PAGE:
462. Last Train from Gun Hill (1959)
When a sheriff’s (Kirk Douglas) wife is brutally raped and murdered, he investigates and finds a saddle lost nearby the body. The saddle belongs to that of a wealthy rancher Craig (Anthony Quinn), and his son is the one responsible. The sheriff takes the train out to the rancher’s town and captures the son, holding up in the hotel waiting on the train to return. Meanwhile, the rancher’s men surround the hotel and a siege begins. Dealing with much heavier themes than Westerns of the time usually explore, Last Train from Gun Hill is ultimately a potboiler Western made exciting by taking some chances in subject matter.
463. Ace in the Hole (1951)
This deeply cynical film about the news media follows Chuck Tatum (Kirk Douglas), an ace reporter who has nevertheless managed to get himself fired from multiple news outlets. Struggling to find work, he winds up in Albuquerque, where he talks his way into a position and begins looking for the next big story. Finally, he finds one when a man becomes trapped in a tunnel while searching for ancient relics. Chuck knows that human interest stories make big headlines, and wastes no time building the story up as much as possible, even colluding with local law enforcement to extend the length of the rescue by days. The film portrays the media circus and voyeurism in a way that is even more relevant today.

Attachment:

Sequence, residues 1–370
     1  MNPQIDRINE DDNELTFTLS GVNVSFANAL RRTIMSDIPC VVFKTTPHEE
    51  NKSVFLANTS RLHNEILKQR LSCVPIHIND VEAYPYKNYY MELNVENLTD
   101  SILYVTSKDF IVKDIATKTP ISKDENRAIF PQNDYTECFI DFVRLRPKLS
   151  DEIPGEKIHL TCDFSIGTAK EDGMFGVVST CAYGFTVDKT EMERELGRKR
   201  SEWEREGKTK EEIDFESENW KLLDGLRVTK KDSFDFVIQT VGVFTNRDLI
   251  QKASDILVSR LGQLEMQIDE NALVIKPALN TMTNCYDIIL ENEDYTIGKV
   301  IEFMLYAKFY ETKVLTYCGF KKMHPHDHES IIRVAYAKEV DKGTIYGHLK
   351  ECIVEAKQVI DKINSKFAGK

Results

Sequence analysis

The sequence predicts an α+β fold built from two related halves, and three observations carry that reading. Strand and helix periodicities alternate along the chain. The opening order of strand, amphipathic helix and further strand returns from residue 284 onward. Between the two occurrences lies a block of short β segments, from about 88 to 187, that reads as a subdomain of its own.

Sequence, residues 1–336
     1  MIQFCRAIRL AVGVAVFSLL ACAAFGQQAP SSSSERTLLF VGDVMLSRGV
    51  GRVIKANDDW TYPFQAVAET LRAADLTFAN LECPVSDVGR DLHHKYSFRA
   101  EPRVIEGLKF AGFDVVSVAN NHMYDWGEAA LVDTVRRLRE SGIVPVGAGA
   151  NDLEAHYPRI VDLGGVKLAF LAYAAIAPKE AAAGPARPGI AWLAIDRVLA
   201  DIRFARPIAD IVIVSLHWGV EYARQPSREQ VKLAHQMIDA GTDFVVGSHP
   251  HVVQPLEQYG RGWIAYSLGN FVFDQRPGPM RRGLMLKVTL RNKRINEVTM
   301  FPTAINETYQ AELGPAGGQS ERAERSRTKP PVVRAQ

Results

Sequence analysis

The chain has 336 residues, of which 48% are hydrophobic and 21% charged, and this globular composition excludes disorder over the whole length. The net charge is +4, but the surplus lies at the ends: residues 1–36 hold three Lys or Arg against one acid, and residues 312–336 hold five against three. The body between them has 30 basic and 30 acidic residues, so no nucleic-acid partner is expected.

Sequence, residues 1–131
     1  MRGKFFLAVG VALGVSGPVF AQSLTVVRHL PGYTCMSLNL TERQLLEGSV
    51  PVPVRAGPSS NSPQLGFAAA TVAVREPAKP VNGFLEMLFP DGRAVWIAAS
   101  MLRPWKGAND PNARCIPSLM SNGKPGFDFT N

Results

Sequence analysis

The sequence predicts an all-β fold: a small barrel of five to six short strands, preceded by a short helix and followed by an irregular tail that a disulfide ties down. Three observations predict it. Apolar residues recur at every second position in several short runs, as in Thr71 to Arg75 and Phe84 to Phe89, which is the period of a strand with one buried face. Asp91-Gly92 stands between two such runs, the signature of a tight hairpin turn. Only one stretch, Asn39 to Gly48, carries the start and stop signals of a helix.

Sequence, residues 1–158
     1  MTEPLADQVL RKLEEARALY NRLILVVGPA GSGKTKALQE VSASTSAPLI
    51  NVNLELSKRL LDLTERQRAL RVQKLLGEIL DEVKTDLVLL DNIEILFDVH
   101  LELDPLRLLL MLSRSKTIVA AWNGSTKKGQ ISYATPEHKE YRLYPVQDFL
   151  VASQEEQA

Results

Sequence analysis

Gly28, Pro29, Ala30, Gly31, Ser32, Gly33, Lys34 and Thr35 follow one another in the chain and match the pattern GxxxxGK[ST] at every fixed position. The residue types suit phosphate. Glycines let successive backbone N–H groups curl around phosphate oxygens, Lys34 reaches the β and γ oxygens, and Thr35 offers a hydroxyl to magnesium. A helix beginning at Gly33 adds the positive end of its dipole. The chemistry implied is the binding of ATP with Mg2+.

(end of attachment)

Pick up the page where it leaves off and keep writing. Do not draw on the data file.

464. De Palma (2016)
The world of director Brian De Palma is that of a filmmaker pursuing his own vision with utter determination, as this documentary demonstrates. Through use of lengthy interview segments with the pioneering filmmaker and archival footage, a picture is drawn of a man whose unease with compromise made his mainstream successes rare, and critical praise equally uncommon… at least initially. What is most fascinating about this documentary is the way that De Palma casually and honestly explains his thoughts on why he’s seldom broken out of cult status as a director. One of the most honest self-appraisals you’re bound to see this year.
465. The Red Turtle (2016)
A man is shipwrecked on a deserted island, and when he builds a raft to leave, finds his craft destroyed. He rebuilds and it is destroyed, again and again. Eventually he finds that the culprit is a giant Red Turtle. And then things get weird, then strangely less weird, then weird again. And to give anything more about the plot would spoil a wonderfully passionate, simple story. The animation (by Studio Ghibli) is fantastic, and the art design and direction by Dutch Animator Michael Dudok de Wit brings a wonderful mix of European and Asian influences to the visual style. Highly recommended for fans of animation for adults.